Ode to a Scythe: A Pastoral
By Timothy Berezhnoy
Hand to handle—wooden stave—
weighted with a gleaming blade.
The wheat rises, ripe and swaying
on this cold crisp morn
ready to be mowed with uniform
motion of the edge that glides guided by my hands.
The work begins, the swaying side to side,
again, again with fellow blades and men
stepping in the field
A branch, a boulder, paths diverge,
only moments pass and again we merge
by the swaying rhythm of the scythes.
Sunbeams glimmer over tops of grain
as their heads are falling to the ground.
The crescent path of curving blades
wraps around, slicing (as if by surprise)
the shafts that fall like quiet breeze.
Yet the scythe continues, side to side,
as if knowing to gather sheaves is not its pride
The sweat beads on my upper lip and tastes
salty, yet the work is sweet
drowning with its rhythms the worries of the week.
Here there is no need for reveries,
but merely working hands and feet
marching to the rhythm of the gliding scythes.
* * * * *
This is a purely experimental poem which I wrote for my online poetry class. Though this class isn’t a poetry writing class, last week we had the option of writing a poem instead writing about poetry. But you may be wondering how in the world I got the idea to write about scythes and mowing wheat fields. Well, the assignment was to write a pastoral which is a type of poetry that has traditionally glorified the rural life. Many pastorals have been written that paint an idealistic picture of being out of the way of city life, living simply, and enjoying nature and solitude. I thought that to write a pastoral I would need to go to a farm or a park and just write about the experience, but I remembered something I recently experienced in my mind while listening to an audio book. The book was “Anna Karenina” by Leo Tolstoy.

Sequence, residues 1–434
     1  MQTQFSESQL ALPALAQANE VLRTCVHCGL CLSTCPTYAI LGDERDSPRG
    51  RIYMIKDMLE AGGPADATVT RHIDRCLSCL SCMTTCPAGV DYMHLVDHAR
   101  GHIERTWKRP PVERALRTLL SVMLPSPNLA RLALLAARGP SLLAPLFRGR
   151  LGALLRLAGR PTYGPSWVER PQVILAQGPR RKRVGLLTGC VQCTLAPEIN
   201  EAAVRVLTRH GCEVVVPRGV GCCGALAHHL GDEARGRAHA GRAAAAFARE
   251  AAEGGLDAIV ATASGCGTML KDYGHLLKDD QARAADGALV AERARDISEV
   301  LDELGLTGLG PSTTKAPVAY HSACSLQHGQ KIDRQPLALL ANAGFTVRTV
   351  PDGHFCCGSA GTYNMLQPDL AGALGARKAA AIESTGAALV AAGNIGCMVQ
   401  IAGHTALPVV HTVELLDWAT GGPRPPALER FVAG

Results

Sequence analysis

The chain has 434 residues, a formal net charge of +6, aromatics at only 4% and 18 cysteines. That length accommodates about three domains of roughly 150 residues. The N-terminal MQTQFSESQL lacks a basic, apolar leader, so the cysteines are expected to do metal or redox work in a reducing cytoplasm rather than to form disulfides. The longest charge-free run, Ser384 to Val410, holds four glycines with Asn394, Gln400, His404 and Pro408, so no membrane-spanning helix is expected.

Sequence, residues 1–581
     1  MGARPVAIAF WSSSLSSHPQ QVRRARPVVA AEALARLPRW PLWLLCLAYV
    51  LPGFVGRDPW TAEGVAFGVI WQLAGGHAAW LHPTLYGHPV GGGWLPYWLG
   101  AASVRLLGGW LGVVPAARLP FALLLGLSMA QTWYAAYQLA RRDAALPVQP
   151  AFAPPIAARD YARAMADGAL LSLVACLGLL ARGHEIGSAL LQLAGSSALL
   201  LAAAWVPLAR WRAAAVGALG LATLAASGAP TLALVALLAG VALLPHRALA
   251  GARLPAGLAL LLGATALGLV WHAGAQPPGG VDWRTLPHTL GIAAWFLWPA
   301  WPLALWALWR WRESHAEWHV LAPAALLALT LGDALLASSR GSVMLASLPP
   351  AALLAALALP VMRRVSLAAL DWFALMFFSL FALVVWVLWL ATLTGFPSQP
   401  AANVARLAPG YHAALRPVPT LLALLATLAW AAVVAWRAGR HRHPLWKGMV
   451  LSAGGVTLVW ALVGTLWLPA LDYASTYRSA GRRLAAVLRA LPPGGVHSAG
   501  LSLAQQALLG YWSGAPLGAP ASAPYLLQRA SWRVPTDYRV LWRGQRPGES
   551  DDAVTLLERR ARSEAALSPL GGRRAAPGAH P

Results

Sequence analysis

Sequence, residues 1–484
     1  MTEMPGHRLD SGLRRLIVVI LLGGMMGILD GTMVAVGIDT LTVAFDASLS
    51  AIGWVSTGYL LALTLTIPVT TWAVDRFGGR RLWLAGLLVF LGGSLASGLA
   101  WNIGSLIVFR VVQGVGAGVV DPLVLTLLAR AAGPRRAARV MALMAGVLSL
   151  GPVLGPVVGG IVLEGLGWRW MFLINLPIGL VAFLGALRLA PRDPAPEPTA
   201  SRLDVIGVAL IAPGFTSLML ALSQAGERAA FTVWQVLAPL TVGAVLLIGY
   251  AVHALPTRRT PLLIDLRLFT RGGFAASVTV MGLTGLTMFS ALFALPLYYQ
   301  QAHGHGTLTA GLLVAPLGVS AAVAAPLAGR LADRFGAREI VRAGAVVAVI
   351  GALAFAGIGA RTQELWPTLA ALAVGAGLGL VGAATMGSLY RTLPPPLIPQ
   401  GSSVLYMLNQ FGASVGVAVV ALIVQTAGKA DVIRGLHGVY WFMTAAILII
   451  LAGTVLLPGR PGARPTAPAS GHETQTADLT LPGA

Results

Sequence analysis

Anna Karenina is a tragic love story. However, in a characteristically drawn out Russian way, Tolstoy unfolds the story by weaving into it the lives of many individuals. It is one of these individual lives, the life of Konstantin Levin, that opened a window for Tolstoy to write about how a rich land owner, Levin, decided to mow his own fields alongside his peasant workers. The way in which Tolstoy narrated this scene was so vivid that I was placed alongside Levin in his arduous and rhythmic work. I’ve never touched a scythe in my life, yet this story brought the experience alive to me in such a way that I could almost say, “I have experience in mowing.”
One of the especially fascinating details was how this physically demanding work gave Levin a certain freedom and satisfaction that he didn’t have in his research about farming, his aristocratic duties, or the experiences with high society. The work is what fulfilled him. Thus, I too exercised my mind alongside him, also remembering the times I’ve worked in such a way. It’s so fascinating how work fulfills us. It makes me grateful to God that he gives satisfaction when we strive and concentrate our efforts on one thing. After all, he didn’t make us to be idle.
So it’s through the experience within my imagination fueled by the prose of Leo Tolstoy that a poem emerged. There’s so much more that could be written, but perhaps I would need to actually pick up a scythe and start mowing.